Conflicts & War

Expanding minefields in Ukraine present growing danger to civilians

By Luis Ángel Reglero

Derachi, Ukraine, Jun 11 (EFE).- Before Russia invaded, Ukraine already had more landmines than most other countries around the world, due to the separatist conflict that has been simmering in the Donbas region since 2014.

These sinister explosives – which are particularly harmful to civilians – become more threatening with each day that the war with Russia drags on.

From an initial 16,000 square kilometers where there was evidence of mines in the Donetsk and Luhansk regions in eastern Ukraine, minefields have spread to more than four times that area to other parts of the country, according to the Ukrainian government.

Even if the war ends one day, there will still be mines left behind that explode when they detect vibrations as small as those emitted by a cell phone, without even being stepped on.

Antov Pavchencko works in one of the teams defusing these mines and other explosives left over from the fighting around the eastern Ukrainian city of Kharkiv, close to the front lines.

POM-3s, mines whose sensors detect the proximity of people at the slightest vibration, and can cause an aerial explosion that launches fragments meters away, have been found in this area.

He and his colleagues walk along ditches on the road leading to the town of Derachi, as well as the surrounding fields, to check that they are safe before workers can go in to repair a power station so that the farmers can get back to work.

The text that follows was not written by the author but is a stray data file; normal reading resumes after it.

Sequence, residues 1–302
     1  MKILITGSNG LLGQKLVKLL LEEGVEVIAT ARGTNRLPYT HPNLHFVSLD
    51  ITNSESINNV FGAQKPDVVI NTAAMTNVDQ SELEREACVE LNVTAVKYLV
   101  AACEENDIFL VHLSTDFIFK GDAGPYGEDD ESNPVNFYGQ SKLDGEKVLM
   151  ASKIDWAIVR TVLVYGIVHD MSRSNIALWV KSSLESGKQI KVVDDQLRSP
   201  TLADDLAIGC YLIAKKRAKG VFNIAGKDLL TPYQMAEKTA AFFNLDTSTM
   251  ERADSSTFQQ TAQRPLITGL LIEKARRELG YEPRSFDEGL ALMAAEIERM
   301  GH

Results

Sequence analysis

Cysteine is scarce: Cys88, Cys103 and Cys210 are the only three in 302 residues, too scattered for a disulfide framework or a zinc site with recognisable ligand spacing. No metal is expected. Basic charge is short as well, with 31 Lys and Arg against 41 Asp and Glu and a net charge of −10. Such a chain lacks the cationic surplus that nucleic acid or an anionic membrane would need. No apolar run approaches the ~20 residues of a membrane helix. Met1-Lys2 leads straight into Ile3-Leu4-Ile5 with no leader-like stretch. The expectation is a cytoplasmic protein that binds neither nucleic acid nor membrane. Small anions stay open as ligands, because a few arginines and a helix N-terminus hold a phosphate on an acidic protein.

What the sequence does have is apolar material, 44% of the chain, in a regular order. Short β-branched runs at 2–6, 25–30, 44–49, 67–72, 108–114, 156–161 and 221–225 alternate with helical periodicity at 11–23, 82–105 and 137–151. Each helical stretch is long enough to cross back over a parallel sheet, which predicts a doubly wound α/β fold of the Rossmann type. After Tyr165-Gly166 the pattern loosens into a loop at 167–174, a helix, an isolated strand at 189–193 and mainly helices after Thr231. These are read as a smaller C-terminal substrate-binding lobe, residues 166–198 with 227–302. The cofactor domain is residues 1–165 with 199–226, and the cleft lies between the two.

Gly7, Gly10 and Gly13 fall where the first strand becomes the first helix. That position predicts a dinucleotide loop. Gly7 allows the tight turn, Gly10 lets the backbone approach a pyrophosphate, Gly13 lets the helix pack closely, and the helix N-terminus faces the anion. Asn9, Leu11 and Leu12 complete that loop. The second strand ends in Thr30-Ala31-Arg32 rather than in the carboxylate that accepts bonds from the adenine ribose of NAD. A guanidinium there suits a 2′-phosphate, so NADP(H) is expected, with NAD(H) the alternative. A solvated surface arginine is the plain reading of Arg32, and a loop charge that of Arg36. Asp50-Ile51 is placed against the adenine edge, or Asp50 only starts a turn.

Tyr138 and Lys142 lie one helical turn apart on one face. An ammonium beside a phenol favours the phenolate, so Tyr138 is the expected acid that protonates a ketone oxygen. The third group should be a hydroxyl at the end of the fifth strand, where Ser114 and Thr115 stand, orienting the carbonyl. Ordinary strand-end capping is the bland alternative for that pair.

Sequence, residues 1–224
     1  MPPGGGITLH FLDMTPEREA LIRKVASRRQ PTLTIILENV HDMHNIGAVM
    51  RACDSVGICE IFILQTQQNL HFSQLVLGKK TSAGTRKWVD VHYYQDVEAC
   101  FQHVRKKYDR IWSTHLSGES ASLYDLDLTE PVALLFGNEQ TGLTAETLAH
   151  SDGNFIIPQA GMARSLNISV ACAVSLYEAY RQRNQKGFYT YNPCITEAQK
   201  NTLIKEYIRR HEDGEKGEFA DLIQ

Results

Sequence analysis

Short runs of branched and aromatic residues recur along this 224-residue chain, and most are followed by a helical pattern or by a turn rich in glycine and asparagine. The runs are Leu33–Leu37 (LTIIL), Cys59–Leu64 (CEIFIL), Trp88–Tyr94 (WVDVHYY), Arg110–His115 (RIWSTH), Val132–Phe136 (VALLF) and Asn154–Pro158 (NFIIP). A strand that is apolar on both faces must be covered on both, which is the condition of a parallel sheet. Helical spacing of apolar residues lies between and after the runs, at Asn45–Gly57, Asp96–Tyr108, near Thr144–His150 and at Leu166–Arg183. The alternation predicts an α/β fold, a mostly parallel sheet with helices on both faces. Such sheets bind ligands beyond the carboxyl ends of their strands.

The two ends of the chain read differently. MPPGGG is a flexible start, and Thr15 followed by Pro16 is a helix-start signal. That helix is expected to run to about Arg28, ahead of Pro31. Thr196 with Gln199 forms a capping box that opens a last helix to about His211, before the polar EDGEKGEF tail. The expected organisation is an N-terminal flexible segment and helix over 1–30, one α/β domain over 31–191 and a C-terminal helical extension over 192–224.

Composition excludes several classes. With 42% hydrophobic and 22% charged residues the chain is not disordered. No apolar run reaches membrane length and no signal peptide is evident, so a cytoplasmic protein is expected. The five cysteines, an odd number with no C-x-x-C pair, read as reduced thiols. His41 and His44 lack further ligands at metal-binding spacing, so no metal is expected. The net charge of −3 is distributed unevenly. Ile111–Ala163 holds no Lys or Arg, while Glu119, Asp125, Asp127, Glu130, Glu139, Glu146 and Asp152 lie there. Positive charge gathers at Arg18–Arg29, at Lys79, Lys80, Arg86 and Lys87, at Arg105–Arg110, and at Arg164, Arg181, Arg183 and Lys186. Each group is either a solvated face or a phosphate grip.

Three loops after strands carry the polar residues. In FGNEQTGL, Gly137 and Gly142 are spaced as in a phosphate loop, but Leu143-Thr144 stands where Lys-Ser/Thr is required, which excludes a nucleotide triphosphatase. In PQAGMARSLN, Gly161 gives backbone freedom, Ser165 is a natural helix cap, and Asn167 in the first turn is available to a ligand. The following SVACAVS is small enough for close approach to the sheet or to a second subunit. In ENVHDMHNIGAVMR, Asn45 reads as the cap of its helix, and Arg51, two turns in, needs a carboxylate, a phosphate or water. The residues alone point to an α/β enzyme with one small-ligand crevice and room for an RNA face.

A few days ago one of them was killed when his tractor drove over an explosive, while in a nearby village a woman died when she opened the door to her house and another booby-trapped explosive went off.

The young man tells Efe that 90% of the calls they receive are from civilians, many of them farmers, at the State Emergency Service’s Humanitarian Demining and Rapid Response Center in Kharkiv, the second largest Ukrainian city.

The mine detectors, too, are among the victims. Three colleagues were killed recently; it was not possible to recover the remains of two of them who were blown into pieces, while four others were injured on their way to defuse a pile of explosives they had removed, Pavchencko laments.

A stick is used to detect threads in the ground that warn of a mine, and an advanced technical system then comes in to deactivate it.

“It requires total concentration and being constantly on top form,” Pavchencko says, because the slightest mistake can be fatal.

Although they receive regular training, it is not something that “you can ever get used to in your life,” he says.

They also have to know first aid, how to defend themselves against chemical weapons and many other skills that “you only get with practice,” says the sapper of 13 years.

One of his colleagues, Mykola, was wounded and is recovering in a hospital. The 56-year-old explains to Efe that he suffered several injuries when he was doing his job and a firefight with tanks began.

“I got blown up, but I was lucky, because the impact was close” and could have been worse, he warns. “Those of us who clear mines are one of the Russians’ targets, it costs time and money to train us,” he adds.

As in many wars, both sides accuse each other of using mines against non-military targets, leaving them, for example, under the bodies of those killed in combat, but also of using them as another weapon to terrorize civilians.

According to the United Nations High Commissioner for Refugees, about 1,000 people have been killed by landmines since 2014 in Ukraine, one of the main causes of civilian deaths during the war that began in the Donbas. About 1.8 million people have been “surrounded by mines” there for eight years.

The hidden danger on the ground that the mines entail affects many displaced people, as they flee through or into mined areas, causing death, severe maiming and both personal and collective trauma, the UNHCR warns.

Related Articles

Back to top button